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Fracking is bad

And the West had better watch its water



Last week, national intelligence agencies released the unclassified version of a report which predicts that nations and regions will increasingly go to war over water as global warming, population and consumption continue to grow. Living in a headwaters state, Montanans know well just how precious the abundant clean waters flowing from our mountains and unsullied wilderness areas are to our economy, lifestyles and health. Increasingly, however, it appears that what will really count in the future will not be simply water quantity, but water quality. And in that regard, Montana, even with its headwaters location, is not immune from threat.

Front and center in any discussion of water these days are the impacts from the hydraulic fracturing or "fracking" now taking place on a massive scale across Montana and the nation. Despite industry assurances that the process is safe, almost daily new studies are debunking the safety of fracking and documenting the serious groundwater problems that are increasingly occurring. At issue are both the known and unknown chemical constituents of some 750 compounds now being forced underground at almost unimaginable pressures to shatter rock and release hydrocarbons.

Here in Montana, the economic frenzy over developing the Bakken formation is a driving force behind calls by politicians from both parties for "streamlined" permitting, "cutting red tape" and reducing "hurdles" to energy development. Those are all long overused political weasel words that mean nothing more than reduced regulation of corporate interests hidden behind the endless "jobs" mantra. But what they portend is serious, perhaps incurable, pollution that will far outlast the current energy boom and plague generations to come.

Unfortunately, Montanans have been down this long and ugly road before and, if current indicators are accurate, we're about to get another environmental drubbing from the 2013 legislature when they hit the capitol in less than a year. For those who think otherwise, perhaps a quick look at what the Idaho legislature has just done may give pause for thought.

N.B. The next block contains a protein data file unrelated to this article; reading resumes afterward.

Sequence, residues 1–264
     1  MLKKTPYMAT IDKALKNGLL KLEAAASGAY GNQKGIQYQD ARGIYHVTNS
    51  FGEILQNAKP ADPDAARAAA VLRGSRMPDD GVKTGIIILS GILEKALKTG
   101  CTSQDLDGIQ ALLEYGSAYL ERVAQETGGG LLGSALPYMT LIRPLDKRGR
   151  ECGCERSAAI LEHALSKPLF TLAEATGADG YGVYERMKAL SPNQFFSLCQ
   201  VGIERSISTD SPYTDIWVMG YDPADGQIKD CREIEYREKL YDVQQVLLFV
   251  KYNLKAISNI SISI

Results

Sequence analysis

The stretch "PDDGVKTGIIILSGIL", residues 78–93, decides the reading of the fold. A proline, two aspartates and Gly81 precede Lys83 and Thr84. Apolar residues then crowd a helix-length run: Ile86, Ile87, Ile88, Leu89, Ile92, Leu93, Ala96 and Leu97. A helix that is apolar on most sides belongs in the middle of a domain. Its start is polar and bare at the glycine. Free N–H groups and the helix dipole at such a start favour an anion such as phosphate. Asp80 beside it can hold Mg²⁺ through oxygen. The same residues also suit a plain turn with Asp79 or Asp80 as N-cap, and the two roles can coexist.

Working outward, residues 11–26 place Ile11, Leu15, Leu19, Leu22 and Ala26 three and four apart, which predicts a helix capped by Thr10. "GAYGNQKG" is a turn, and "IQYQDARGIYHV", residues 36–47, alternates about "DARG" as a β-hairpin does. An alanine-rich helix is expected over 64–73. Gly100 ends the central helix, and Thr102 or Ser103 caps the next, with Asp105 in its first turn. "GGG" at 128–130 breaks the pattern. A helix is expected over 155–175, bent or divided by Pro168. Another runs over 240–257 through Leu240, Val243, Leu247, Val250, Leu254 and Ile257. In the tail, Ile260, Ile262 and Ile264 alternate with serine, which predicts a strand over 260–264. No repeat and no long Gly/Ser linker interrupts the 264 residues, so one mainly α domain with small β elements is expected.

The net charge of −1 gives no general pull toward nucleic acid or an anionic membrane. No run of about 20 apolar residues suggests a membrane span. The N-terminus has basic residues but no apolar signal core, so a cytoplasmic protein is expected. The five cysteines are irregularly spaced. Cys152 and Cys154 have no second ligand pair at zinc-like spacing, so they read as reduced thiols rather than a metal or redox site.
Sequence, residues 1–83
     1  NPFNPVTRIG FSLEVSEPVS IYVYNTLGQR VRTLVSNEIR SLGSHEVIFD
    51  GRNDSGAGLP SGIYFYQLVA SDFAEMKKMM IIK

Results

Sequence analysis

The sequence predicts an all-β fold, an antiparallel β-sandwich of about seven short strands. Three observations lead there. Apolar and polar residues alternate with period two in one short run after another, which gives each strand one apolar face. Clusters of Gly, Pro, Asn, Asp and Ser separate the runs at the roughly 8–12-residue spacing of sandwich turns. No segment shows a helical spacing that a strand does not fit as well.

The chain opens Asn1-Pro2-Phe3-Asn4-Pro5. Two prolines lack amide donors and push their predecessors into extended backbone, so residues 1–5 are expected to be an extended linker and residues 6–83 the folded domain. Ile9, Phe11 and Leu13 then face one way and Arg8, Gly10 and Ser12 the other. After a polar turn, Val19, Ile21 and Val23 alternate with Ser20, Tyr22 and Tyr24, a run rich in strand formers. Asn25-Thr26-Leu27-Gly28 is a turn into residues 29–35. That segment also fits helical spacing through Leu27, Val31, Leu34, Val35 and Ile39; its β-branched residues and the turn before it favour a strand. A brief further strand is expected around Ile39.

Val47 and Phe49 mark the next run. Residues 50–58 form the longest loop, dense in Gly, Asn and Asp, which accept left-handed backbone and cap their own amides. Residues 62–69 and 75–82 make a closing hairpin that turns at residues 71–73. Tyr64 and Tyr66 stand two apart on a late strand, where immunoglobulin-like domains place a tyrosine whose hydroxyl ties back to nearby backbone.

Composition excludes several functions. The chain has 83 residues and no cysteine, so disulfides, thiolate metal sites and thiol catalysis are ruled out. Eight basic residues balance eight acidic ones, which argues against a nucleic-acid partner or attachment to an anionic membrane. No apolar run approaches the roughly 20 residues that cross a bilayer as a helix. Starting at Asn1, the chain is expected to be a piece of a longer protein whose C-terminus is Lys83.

Despite opposition from the vast majority of those who testified in both its House and Senate hearings, the Idaho legislature passed and Governor Butch Otter recently signed into law HB 464, which assures the oil and gas industry that counties will not be able to adopt ordinances to protect their groundwater from fracking-caused pollution. The measure was steamrolled through the Republican-controlled legislature even though many of those testifying identified themselves as Republicans while pointing out the blatant hypocrisy that Idaho is willing to fight federal government intrusion on states' rights, but has no problem enacting a law to force state intrusion on cities' and counties' rights. It's probably a good wager that we will be seeing similar legislation in Montana next year.

Fracking, while the front and center issue of the day, is unfortunately not the only major threat to the precious and dwindling groundwater upon which we all rely. In the last few years, studies have been conducted in the Bozeman-Gallatin Valley, the Helena Valley and the Missoula Valley to look at contamination of both private and public water wells. The results have been, in a word, shocking.

In virtually every case, scientists detected more than 28 industrial chemicals, pharmaceuticals, herbicides, pesticides and even insect repellant in the groundwater in everyday use at homes, businesses and eateries. The chemicals come from a variety of sources, including agricultural practices, people flushing and excreting pharmaceuticals down the toilet and municipal runoff.

When the results were first released, we were given the usual pacifier that many of the chemicals were only detectable in very small amounts. Yet, in the case of the Helena Valley studies, researchers said that even in those minute proportions, the health effects of certain chemicals were virtually unknown.

This week, however, those effects were more fully explained when a team of scientists published a report titled "Hormones and Endocrine-Disrupting Chemicals: Low-Dose Effects and Nonmonotonic Dose Responses." Based on reviews of 800 studies, researchers found that it's "remarkably common" for even very minute concentrations of hormone-disrupting chemicals to have significant effects on human health—not to mention that of the rest of the ecosystem's inhabitants.

The more we look, the more we learn. The more we learn, the more obvious it is that industry has lied to us to serve its profit motives. The imperative to keep our precious water clean rather than hope for some miracle cure to restore it after it's polluted is now before us. Instead of making it easier to pollute our water, we should be treating every watershed as the precious resource it is. Our water wars are here now—and clean water is well worth the fight.

Helena's George Ochenski rattles the cage of the political establishment as a political analyst for the Independent. Contact Ochenski at

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